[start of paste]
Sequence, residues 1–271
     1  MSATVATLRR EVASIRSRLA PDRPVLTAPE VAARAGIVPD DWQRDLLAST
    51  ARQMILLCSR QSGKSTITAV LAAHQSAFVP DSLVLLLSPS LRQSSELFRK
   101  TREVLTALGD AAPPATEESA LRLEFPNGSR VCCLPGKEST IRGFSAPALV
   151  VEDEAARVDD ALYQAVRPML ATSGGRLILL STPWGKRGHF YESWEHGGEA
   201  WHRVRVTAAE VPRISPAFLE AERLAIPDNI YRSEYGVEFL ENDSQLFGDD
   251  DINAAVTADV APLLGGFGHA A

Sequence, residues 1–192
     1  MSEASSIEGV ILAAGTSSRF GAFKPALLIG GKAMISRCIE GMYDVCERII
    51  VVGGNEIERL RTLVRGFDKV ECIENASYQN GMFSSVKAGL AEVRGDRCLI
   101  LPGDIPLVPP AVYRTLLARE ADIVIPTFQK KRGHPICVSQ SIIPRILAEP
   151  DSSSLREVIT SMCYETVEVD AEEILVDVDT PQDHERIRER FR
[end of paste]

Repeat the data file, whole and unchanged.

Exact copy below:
Sequence, residues 1–271
     1  MSATVATLRR EVASIRSRLA PDRPVLTAPE VAARAGIVPD DWQRDLLAST
    51  ARQMILLCSR QSGKSTITAV LAAHQSAFVP DSLVLLLSPS LRQSSELFRK
   101  TREVLTALGD AAPPATEESA LRLEFPNGSR VCCLPGKEST IRGFSAPALV
   151  VEDEAARVDD ALYQAVRPML ATSGGRLILL STPWGKRGHF YESWEHGGEA
   201  WHRVRVTAAE VPRISPAFLE AERLAIPDNI YRSEYGVEFL ENDSQLFGDD
   251  DINAAVTADV APLLGGFGHA A

Sequence, residues 1–192
     1  MSEASSIEGV ILAAGTSSRF GAFKPALLIG GKAMISRCIE GMYDVCERII
    51  VVGGNEIERL RTLVRGFDKV ECIENASYQN GMFSSVKAGL AEVRGDRCLI
   101  LPGDIPLVPP AVYRTLLARE ADIVIPTFQK KRGHPICVSQ SIIPRILAEP
   151  DSSSLREVIT SMCYETVEVD AEEILVDVDT PQDHERIRER FR